Hinshaw is very forthcoming about his father's childhood experiences and how the family dynamics of his youth might have affected the course of his illness as an adult.  Hinshaw's father, Virgil, was the son of a prominent leader in the temperance movement who married a former missionary after the death of Virgil's mother.  Virgil's relationship with his stepmother was especially fraught and often abusive.  Her method of disciplining him consisted of brutal strappings and "lengthy" enemas (29).  As an adult, Virgil himself reflected upon this childhood abuse and its formative effects on his personality.  Stephen Hinshaw notes also how the images and themes of his father's childhood seemed to resurface during his manic episodes.  For example, before his stepmother would whip him, she would speak in Spanish to him, requesting that he bare his buttocks.  As an adult, Virgil's manic speech would incorporate his knowledge of Spanish, a tell-tale sign that he was becoming increasingly agitated (54).   As Hinshaw concludes: "the parenting he received profoundly shaped his self-image, influencing the ways in which he later interpreted many life events, including his hospitalizations.  A large part of him believed that he was to blame for his episodes and punitive treatments, perhaps related to some moral weakness.  Indeed, he seems to have been awaiting and anticipating punitive consequences throughout his life" (169).

Hinshaw's candor in revealing these intimate details of his father's childhood is not, however, sustained at the same level throughout this narrative.  It is ironic that The Years of Silence Are Past remains relatively silent about the family dynamics of Stephen Hinshaw's own childhood.  (The title of the book, by the way, comes from a rather cryptic phrase that appears without explanation in one of his father's notebooks.)  There are, of course, several good reasons for this silence.  Hinshaw states, "throughout my childhood I was not aware that my father had any kind of mental illness" (63).  Hinshaw's parents were advised by doctors to keep the illness hidden from the children, a fairly common recommendation at the time.  This prescribed silence might be charitably viewed as a way of protecting children from the social stigma surrounding mental illness.  However, while this silence circumvents a public recognition of the problem, it also reinforces the notion that mental illness is too terrible and shameful to discuss.  Yet perhaps the most important factor influencing the sense of silence in this book is Hinshaw's mother.  Hinshaw writes:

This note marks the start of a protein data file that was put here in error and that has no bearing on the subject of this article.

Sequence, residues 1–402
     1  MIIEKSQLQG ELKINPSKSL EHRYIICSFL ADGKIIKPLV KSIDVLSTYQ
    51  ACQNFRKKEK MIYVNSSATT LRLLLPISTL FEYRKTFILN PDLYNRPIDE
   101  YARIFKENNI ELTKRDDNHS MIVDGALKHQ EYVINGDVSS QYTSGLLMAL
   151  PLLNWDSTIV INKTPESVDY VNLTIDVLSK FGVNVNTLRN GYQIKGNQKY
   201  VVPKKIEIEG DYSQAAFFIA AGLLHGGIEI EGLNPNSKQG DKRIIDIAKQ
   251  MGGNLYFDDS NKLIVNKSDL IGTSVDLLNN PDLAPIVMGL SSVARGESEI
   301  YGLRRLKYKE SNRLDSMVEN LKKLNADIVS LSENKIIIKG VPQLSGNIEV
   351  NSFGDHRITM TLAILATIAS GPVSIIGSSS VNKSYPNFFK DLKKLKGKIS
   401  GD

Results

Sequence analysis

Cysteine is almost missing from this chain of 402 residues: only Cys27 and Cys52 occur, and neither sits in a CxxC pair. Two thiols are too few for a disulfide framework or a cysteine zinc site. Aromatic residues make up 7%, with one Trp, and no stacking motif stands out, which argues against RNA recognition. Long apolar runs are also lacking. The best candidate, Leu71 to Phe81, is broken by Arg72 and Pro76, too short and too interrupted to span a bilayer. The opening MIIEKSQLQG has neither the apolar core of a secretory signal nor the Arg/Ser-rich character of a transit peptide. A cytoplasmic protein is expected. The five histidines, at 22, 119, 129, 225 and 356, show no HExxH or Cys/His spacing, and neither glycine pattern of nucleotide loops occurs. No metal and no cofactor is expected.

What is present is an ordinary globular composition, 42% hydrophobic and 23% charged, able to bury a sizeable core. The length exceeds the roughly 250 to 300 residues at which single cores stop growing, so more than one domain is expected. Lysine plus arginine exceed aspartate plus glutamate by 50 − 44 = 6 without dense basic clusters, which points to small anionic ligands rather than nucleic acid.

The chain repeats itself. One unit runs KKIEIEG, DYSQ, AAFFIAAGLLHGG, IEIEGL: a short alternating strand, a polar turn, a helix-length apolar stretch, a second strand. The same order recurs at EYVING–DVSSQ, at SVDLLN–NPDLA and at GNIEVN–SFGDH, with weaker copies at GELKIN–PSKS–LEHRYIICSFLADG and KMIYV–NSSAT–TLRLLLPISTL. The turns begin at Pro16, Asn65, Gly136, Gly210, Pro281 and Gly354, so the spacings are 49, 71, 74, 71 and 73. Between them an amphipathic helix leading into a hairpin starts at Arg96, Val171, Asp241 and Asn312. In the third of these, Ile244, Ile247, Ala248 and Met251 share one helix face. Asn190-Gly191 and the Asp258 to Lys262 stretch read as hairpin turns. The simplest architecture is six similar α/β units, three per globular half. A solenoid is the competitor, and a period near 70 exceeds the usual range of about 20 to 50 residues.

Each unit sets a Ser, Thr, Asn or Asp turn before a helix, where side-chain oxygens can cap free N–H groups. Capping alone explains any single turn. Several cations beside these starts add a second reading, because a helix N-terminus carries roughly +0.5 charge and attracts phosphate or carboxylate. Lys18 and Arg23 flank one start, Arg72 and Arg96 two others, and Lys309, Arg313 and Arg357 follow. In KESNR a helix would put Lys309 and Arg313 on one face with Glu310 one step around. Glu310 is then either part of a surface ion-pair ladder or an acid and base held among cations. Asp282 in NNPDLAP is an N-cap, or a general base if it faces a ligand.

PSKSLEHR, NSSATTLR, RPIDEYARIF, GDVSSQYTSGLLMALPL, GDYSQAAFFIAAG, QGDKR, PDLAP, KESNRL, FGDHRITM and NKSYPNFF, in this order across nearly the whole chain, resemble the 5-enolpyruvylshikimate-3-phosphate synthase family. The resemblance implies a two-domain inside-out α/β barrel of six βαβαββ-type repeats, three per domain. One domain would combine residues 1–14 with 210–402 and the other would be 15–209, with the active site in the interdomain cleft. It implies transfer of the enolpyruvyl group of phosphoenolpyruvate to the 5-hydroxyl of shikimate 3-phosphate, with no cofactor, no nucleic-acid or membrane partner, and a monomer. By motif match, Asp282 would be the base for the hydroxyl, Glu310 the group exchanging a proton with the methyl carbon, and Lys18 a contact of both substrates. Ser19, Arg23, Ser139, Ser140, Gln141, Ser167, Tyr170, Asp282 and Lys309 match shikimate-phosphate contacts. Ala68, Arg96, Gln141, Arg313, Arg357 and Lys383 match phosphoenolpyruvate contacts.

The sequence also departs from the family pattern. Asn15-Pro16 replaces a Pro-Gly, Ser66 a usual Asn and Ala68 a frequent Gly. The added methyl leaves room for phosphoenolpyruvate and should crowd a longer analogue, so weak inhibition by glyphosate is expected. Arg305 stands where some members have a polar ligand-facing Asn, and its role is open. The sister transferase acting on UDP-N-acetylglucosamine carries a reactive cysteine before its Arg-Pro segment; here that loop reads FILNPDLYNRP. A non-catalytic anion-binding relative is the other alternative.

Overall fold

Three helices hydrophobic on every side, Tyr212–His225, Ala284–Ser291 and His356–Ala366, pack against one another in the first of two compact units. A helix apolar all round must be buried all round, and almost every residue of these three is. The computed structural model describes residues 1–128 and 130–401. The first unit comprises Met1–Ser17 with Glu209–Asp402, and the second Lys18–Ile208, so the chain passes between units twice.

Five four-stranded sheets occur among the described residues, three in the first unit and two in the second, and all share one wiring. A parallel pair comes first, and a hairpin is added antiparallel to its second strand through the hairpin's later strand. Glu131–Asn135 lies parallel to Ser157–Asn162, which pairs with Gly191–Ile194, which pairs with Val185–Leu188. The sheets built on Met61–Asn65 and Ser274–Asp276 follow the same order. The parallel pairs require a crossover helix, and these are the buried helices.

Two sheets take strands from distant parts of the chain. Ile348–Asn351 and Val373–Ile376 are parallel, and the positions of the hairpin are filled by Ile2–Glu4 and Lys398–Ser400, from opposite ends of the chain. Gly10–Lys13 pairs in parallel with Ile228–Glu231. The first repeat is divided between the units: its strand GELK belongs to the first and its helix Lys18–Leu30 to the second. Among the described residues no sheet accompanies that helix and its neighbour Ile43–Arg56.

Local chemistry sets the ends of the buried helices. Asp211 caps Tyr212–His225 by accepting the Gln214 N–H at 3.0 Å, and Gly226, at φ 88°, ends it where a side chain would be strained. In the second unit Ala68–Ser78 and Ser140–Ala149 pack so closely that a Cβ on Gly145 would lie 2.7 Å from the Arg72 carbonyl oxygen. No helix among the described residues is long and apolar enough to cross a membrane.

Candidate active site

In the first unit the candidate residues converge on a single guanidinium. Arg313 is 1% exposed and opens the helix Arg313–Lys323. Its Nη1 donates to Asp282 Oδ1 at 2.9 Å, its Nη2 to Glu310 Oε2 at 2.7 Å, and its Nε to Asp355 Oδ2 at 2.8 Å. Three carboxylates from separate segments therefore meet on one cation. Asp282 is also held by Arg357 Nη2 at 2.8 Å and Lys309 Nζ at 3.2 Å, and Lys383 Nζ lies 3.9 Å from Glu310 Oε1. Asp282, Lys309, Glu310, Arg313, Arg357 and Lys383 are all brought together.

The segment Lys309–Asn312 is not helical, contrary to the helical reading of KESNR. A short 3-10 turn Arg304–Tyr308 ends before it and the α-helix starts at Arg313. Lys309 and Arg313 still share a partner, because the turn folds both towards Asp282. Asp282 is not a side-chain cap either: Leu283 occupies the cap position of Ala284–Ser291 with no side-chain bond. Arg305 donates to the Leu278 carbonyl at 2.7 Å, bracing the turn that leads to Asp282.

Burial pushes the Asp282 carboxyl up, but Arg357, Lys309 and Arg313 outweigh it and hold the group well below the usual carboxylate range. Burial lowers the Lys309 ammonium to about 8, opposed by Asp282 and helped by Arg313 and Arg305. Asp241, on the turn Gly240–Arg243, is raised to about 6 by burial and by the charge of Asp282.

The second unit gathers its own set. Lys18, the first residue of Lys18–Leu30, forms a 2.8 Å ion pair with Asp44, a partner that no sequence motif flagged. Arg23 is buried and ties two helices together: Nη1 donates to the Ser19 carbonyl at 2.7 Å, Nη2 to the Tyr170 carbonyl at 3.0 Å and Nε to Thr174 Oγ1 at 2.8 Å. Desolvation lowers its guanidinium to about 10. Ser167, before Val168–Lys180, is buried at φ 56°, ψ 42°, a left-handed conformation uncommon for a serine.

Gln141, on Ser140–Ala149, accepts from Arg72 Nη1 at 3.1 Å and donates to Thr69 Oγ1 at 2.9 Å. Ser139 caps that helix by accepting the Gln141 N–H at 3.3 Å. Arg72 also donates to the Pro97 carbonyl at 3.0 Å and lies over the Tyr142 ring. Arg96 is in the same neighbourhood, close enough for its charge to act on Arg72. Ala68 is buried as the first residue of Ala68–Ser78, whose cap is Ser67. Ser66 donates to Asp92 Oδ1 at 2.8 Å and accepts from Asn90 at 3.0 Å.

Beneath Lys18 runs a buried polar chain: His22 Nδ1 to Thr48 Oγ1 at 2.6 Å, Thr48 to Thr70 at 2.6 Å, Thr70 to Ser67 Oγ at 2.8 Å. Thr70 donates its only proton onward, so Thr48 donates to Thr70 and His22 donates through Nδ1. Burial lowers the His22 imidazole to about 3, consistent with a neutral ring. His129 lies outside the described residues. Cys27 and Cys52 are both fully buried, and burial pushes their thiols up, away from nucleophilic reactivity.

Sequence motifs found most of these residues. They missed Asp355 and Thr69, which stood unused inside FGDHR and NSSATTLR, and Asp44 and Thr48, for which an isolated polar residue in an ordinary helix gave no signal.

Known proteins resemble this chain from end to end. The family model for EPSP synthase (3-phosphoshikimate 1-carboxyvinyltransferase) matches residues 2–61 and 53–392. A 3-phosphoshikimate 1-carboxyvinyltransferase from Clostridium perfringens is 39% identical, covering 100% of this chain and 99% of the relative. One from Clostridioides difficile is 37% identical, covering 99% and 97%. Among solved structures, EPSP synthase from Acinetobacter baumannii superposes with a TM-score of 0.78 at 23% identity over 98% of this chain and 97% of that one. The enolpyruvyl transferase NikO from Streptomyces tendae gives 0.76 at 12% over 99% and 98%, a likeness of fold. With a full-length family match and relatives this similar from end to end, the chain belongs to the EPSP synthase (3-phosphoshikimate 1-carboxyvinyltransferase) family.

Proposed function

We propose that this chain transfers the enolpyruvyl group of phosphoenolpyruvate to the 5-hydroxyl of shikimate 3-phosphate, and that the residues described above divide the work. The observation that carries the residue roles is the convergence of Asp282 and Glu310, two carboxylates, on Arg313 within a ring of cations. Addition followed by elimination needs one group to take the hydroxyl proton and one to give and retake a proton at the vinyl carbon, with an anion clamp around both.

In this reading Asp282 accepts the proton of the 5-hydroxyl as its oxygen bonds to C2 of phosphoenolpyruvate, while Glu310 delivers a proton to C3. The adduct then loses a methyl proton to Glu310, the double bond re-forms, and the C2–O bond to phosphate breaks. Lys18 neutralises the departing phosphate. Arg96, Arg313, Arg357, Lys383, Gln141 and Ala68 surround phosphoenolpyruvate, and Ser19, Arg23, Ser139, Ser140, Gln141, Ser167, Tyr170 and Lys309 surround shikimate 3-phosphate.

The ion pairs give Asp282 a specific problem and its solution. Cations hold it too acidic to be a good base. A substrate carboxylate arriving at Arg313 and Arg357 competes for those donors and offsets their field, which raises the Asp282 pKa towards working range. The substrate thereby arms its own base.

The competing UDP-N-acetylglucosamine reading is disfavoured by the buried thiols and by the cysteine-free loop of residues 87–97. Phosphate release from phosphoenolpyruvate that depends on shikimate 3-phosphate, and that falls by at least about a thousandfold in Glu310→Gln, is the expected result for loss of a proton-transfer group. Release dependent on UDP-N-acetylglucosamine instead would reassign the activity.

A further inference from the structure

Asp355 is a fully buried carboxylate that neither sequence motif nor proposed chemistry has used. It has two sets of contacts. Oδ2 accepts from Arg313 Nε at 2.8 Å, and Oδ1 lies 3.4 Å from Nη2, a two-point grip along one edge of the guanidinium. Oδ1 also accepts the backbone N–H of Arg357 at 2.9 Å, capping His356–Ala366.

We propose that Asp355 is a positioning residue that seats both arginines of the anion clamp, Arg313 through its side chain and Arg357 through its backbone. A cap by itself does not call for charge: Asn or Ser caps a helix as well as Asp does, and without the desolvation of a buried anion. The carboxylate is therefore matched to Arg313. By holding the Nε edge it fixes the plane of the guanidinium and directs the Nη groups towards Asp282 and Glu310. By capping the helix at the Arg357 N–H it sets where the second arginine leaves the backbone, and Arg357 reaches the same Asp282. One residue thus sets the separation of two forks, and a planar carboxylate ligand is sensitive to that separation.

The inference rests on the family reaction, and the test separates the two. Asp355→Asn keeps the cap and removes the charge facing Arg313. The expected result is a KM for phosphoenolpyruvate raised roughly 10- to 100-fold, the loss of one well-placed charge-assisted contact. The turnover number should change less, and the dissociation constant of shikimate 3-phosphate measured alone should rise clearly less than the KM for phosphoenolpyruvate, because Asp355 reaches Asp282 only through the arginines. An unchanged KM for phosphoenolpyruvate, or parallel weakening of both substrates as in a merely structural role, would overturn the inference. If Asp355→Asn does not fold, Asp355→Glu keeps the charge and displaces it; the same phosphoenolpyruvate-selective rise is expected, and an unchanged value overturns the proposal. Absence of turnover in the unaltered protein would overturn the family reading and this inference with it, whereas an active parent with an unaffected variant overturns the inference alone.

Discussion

My mother's perspective is crucial to my father's story, but I have tried to respect her understandable desire for privacy.  Living with a partner or spouse with serious mental disorder can be confounding, exhausting, and even terrifying, especially when secrecy, shame, and lack of professional assistance are the norm, as was the case throughout much of my parents' lives.  My mother was the foundation of the family for decades, as the following words make clear.  Although there is another set of stories and issues about the rest of my family that I could recount, this work is primarily my father's story.  (8)

This untold set of stories and issues still lingers in the background, as one of Hinshaw's passing comments about his sister makes clear: "Sally has told me that she does not have the same kinds of warm childhood memories of my father as I do" (64).

Despite these remaining silences, or perhaps even because of them, Hinshaw has written a book that is a welcome addition to the growing bibliography of books by people diagnosed with mental illness and their family members.  Hinshaw writes in the introduction, "The more that such issues are talked about openly, the better, because the cloak of secrecy that still surrounds these problems may come to be replaced by openness and compassion" (6).  Even though the "years of silence" about mental illness may not be completely in the past, Hinshaw's book is a successful attempt to give voice to some of these all-too-often muted experiences.


© 2004 Elizabeth Donaldson


Elizabeth Donaldson, English/Interdisciplinary Studies, New York Institute of Technology